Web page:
I just read David Foster Wallace’s 2004 piece “Consider the Lobster”, and it definitely makes me want to read more DFW. Most people wouldn’t have been able to discuss, in detail, the ethics of eating and killing animals, the complexity and ambiguity of others’ pain, and the nuance of preference satisfaction in a piece about the Maine Lobster Festival for Gourmet magazine. He pulls it off, but I can’t help but think that the folks at Gourmet got more than they bargained for.
There’s an honest inquiry at play here that both the gourmand and the ‘animal-rights activist’ are often too ideologically blindered to equal: “at the Festival, standing by the bubbling tanks outside the World’s Largest Lobster Cooker, watching the fresh-caught lobsters pile over one another, wave their hobbled claws impotently, huddle in the rear corners, or scrabble frantically back from the glass as you approach, it is difficult not to sense that they’re unhappy, or frightened, even if it’s some rudimentary version of these feelings …and, again, why does rudimentariness even enter into it? Why is a primitive, inarticulate form of suffering less urgent or uncomfortable for the person who’s helping to inflict it by paying for the food it results in? I’m not trying to give you a PETA-like screed here—at least I don’t think so. I’m trying, rather, to work out and articulate some of the troubling questions that arise amid all the laughter and saltation and community pride of the Maine Lobster Festival. The truth is that if you, the Festival attendee, permit yourself to think that lobsters can suffer and would rather not, the MLF can begin to take on aspects of something like a Roman circus or medieval torture-fest….Does that comparison seem a bit much? If so, exactly why? Or what about this one: Is it not possible that future generations will regard our own present agribusiness and eating practices in much the same way we now view Nero’s entertainments or Aztec sacrifices? My own immediate reaction is that such a comparison is hysterical, extreme—and yet the reason it seems extreme to me appears to be that I believe animals are less morally important than human beings; and when it comes to defending such a belief, even to myself, I have to acknowledge that (a) I have an obvious selfish interest in this belief, since I like to eat certain kinds of animals and want to be able to keep doing it, and (b) I have not succeeded in working out any sort of personal ethical system in which the belief is truly defensible instead of just selfishly convenient.”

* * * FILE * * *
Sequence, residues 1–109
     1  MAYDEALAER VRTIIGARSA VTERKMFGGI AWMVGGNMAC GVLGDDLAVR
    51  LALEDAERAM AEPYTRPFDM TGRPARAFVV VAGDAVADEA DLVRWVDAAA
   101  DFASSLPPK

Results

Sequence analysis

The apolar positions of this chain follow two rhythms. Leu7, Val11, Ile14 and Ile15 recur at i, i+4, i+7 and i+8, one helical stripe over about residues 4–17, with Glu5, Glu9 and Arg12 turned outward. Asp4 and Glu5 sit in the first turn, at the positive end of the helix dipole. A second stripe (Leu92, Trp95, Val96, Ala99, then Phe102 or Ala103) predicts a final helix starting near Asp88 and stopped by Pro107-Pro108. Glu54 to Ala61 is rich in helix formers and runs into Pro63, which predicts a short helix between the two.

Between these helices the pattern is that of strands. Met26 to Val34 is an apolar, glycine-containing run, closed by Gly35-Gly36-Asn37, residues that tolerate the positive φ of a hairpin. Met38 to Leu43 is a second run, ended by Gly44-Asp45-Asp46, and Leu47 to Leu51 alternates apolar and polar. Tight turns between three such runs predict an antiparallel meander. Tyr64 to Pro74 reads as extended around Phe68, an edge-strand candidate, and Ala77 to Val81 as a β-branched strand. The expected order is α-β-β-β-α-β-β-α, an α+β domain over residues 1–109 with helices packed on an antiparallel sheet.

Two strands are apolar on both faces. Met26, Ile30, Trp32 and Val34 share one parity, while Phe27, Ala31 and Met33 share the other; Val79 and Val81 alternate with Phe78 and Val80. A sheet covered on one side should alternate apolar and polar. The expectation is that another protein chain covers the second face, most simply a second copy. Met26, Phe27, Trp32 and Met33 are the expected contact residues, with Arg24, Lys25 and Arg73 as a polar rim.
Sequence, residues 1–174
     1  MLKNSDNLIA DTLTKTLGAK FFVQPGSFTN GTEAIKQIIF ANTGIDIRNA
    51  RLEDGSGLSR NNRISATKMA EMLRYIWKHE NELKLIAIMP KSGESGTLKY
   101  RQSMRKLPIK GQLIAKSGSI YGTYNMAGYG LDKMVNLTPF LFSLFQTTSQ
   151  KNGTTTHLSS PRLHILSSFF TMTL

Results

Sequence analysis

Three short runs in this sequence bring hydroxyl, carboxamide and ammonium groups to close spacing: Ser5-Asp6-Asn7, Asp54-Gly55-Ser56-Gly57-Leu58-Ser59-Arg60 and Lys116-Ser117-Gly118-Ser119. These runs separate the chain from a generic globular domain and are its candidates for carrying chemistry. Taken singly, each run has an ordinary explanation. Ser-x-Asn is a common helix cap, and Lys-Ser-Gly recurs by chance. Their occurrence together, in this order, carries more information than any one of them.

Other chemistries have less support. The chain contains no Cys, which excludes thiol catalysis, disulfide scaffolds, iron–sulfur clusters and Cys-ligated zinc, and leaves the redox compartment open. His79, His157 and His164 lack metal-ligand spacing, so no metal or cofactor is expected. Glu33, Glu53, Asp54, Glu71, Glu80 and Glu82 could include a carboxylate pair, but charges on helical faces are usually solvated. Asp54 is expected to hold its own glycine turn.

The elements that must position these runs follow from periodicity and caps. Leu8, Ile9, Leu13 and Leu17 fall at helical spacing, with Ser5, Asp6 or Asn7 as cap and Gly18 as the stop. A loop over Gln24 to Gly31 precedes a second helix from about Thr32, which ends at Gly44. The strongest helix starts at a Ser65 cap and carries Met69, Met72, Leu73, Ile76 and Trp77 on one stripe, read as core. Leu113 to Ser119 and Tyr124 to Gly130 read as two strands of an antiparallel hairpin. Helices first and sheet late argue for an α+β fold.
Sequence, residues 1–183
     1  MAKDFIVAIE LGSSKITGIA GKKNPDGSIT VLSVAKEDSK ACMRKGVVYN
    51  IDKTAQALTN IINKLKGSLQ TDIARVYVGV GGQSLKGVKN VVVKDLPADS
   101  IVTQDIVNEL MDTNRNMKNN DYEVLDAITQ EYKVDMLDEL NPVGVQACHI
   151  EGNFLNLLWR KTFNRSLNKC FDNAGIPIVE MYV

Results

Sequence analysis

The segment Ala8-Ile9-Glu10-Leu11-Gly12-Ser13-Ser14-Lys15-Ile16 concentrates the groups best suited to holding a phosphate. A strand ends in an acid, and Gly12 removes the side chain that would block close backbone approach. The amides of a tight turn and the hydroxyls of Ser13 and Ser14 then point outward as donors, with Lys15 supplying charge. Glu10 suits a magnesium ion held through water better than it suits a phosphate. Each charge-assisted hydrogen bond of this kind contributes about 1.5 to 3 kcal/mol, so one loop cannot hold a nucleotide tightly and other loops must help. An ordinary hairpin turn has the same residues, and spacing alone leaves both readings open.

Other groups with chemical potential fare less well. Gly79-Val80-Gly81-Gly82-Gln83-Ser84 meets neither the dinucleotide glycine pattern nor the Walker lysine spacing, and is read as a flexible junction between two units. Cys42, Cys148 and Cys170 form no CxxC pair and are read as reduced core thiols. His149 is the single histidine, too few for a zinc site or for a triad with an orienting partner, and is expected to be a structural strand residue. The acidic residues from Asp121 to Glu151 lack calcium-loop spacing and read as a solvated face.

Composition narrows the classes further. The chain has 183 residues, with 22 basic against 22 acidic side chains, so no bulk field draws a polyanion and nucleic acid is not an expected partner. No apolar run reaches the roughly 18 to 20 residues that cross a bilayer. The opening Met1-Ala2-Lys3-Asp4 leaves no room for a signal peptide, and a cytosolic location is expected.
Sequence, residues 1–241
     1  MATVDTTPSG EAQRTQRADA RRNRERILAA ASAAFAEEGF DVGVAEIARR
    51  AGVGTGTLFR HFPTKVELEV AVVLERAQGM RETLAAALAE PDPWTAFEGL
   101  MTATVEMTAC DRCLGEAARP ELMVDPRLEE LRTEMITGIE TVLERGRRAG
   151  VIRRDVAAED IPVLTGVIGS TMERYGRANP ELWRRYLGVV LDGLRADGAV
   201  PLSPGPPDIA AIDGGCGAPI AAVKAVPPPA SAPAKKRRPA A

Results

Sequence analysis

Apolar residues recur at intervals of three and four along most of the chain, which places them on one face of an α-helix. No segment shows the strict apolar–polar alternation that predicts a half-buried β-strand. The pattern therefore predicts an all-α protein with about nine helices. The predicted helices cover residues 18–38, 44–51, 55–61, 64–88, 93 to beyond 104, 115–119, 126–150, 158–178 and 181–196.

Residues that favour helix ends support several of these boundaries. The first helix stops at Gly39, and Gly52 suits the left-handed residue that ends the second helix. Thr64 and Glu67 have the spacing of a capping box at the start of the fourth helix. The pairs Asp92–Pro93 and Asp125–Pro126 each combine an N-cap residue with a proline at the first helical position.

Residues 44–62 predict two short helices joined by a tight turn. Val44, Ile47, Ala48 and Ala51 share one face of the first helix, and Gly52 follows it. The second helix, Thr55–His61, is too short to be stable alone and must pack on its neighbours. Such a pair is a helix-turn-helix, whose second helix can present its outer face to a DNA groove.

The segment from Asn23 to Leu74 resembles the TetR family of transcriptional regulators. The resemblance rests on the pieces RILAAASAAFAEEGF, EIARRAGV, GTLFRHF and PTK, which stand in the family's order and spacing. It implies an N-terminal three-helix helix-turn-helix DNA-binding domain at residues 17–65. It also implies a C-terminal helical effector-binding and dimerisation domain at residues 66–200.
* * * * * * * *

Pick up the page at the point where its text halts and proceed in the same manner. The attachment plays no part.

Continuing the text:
This defense of the indefensibility of speciesism is more honest than most would be willing to admit to, and many readers will probably not see the point: “I am…concerned not to come off as shrill or preachy when what I really am is confused.” In an age when any article I read online that even vaguely hints at the possibility of animal suffering sets off a firestorm of defensively absurd “ANIMALS ARE SO DELICIOUS – THE ONLY GOOD PIG IS BACON”, this kind of kind, honest inquiry is refreshing and much-needed.
And instead of discussing the relative merits of different killing/cooking methods, which he goes into in detail, I’ve posted a video of someone eating a live lobster — food fetishism at its worst.